Fast forward to today and we are about to experience a new river flow of Virtual Reality experiments in the Video Game Industry. As I mentioned at the beginning, the Oculus Rift has been received generally well in its infancy, though the long term impact of it is yet to be felt. Sony recently revealed Project Morpheus, a Virtual Reality headset that will be used for some games, indicating that Sony wants to throw their hat in the ring and try to get Virtual Reality permanently over with the people. Shigeru Miyamoto recently mentioned in an IGN interview that Nintendo was going to give Virtual Reality another shot in the console market.
The Obsession With The "Never Stop Advancing Technology" Mindset
Now let me be frank. We are in the year 2014 and gaming technology has obviously progressed and advanced to a point where companies have dusted off the Virtual Reality concept and re-evaluated it. Technology in the video game world has made some impressive leaps, to be sure, but I can't help but wonder if sometimes video game companies are truly overly ambitious and overzealous. Let's consider asking ourselves a few questions about what we are dealing with in Virtual Reality.
Is there truly a need for Virtual Reality to make its lasting stamp in video games?
Why exactly do we need Virtual Reality to have a presence in video games?
What are we attempting to accomplish with the implementation of Virtual Reality gaming?
How much are we risking if we willingly glorify Virtual Reality, labeling it the "future of gaming"?
I know what the reader is thinking, and yes, I have a pessimistic attitude towards the Virtual Reality concept in gaming. All you need to do is read the four questions above and sincerely answer them. Do we need Virtual Reality to barge in and be that soothing and relaxing alternative in the way that we play video games? I don't doubt that some of you readers want or would like to have it as an alternative, but will the Video Game Industry go away if Virtual Reality gaming never gets off the ground? The answer is no, the industry won't go away, and we should all know that.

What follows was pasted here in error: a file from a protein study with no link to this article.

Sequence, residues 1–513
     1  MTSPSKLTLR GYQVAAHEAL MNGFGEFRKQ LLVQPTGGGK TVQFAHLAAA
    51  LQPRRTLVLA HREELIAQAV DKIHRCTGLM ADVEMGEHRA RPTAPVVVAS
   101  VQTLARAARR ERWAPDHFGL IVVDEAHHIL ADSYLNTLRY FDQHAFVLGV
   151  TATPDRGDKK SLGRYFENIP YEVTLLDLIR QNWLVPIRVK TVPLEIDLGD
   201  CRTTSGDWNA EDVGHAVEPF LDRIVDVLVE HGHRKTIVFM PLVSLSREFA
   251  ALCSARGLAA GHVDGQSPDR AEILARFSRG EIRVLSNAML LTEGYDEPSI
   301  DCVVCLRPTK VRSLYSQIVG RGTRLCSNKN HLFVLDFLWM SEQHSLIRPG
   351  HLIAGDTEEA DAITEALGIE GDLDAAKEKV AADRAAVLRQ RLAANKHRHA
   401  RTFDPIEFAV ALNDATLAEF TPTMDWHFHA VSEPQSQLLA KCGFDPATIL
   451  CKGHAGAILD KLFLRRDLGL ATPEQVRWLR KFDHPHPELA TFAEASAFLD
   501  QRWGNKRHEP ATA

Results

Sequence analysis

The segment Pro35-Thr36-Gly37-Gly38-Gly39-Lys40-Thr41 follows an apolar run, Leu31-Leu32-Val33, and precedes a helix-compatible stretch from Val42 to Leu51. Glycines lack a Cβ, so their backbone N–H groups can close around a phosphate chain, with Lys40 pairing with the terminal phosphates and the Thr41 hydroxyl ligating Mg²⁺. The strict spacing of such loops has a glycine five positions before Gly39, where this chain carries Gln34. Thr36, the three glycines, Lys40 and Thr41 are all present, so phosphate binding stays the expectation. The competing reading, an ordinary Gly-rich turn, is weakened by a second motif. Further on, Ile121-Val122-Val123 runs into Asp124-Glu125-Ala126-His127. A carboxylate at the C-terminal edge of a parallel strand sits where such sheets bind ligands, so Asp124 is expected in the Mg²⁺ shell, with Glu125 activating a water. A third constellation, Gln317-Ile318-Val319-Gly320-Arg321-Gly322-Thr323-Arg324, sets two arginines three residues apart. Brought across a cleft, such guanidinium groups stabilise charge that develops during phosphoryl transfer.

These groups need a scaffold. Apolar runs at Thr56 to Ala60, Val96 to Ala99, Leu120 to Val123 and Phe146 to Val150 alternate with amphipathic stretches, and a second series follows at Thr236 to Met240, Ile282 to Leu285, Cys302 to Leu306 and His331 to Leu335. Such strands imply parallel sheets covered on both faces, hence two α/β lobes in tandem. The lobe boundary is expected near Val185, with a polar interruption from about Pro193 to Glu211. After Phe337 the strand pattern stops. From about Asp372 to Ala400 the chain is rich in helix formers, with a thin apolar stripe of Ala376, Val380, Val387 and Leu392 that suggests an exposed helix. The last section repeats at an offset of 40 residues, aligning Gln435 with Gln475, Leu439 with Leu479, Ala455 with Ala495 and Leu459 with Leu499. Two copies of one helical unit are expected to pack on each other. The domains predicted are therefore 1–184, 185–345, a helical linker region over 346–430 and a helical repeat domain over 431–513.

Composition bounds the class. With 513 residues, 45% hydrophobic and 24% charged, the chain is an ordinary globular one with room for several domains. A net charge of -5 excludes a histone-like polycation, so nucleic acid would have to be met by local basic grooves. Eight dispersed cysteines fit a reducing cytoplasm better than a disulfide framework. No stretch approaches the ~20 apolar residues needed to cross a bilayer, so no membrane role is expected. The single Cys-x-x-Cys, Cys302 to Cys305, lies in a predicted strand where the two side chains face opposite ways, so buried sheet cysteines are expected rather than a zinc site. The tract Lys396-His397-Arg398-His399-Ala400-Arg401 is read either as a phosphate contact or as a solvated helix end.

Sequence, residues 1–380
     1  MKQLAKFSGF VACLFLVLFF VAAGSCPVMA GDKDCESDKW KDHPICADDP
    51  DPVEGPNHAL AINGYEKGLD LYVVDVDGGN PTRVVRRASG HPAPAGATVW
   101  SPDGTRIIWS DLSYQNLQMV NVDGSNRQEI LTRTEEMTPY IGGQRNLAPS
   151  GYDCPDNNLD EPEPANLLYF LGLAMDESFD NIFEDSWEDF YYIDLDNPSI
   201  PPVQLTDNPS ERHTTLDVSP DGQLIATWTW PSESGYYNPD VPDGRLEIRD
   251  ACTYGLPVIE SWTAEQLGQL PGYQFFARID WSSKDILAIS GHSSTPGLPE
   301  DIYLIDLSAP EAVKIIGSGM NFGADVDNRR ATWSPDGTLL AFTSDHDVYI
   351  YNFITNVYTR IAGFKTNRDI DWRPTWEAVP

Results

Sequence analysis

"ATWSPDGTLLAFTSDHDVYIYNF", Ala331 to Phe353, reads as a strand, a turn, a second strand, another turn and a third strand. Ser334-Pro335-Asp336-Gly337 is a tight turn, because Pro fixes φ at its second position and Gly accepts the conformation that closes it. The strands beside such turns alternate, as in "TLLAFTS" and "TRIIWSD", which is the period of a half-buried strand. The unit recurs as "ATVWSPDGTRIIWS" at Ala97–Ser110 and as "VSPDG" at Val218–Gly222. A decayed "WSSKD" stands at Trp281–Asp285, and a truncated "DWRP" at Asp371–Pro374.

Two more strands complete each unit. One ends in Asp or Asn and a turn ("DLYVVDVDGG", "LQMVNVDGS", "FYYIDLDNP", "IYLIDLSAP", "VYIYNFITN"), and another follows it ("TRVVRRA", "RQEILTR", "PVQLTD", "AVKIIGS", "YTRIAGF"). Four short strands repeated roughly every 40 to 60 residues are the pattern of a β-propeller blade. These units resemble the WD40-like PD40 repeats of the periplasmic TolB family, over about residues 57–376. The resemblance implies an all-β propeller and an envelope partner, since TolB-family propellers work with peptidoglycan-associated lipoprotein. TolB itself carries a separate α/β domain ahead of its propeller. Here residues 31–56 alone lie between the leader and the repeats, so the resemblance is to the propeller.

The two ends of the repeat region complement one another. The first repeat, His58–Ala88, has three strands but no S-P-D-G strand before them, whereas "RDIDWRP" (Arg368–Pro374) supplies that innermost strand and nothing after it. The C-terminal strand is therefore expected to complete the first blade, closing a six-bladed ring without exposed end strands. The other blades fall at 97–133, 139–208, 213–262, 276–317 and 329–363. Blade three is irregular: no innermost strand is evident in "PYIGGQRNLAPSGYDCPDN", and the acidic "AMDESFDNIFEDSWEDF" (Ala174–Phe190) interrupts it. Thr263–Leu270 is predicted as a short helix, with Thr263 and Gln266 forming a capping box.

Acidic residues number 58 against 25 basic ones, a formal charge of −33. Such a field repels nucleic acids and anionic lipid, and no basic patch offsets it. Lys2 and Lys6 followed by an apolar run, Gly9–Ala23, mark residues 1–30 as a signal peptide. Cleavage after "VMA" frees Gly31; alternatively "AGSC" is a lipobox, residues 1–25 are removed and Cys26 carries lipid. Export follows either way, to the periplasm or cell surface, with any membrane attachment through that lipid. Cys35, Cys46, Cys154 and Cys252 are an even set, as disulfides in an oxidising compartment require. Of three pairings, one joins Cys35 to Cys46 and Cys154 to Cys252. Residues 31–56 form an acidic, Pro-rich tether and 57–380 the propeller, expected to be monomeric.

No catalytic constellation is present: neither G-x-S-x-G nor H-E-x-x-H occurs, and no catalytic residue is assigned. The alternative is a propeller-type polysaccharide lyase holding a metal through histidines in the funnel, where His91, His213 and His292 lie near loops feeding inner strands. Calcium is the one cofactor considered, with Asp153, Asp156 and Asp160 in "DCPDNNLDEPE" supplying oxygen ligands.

Also, what is the main goal behind this new Virtual Reality revolution that is appearing to gain ground? I do believe that there should be variety in the way that gamers play video games and I do believe in general creativity, but I must remind people that there are limitations as to how creative we can really be. Variety that is necessary is something that I advocate, but I wouldn't put Virtual Reality gaming in that boat. Virtual Reality is not necessary in order to be satisfied as a gamer. We didn't need it back in the 1980's, nor in the 1990's and 2000's, and if we look deep down inside this, we don't absolutely need it in the 2010's neither.
I have heard this term floated around concerning both motion controls and Virtual Reality gaming, and that would be "Now the player is the controller!" Is that really what we, as a gaming community, want for our distant future? Virtual Reality isn't the medicine to cure all the needs of every gamer out there and it still comes down to personal preference. If a gamer doesn't want to engage in Virtual Reality in order to enjoy a game, then he or she shouldn't be forced to. That is a concern of mine. I am concerned that one day the entire industry is just going to limit itself into one way of thinking for how players should play games, and if that ends up being Virtual Reality gaming, then I guarantee you that many gamers will end up walking away.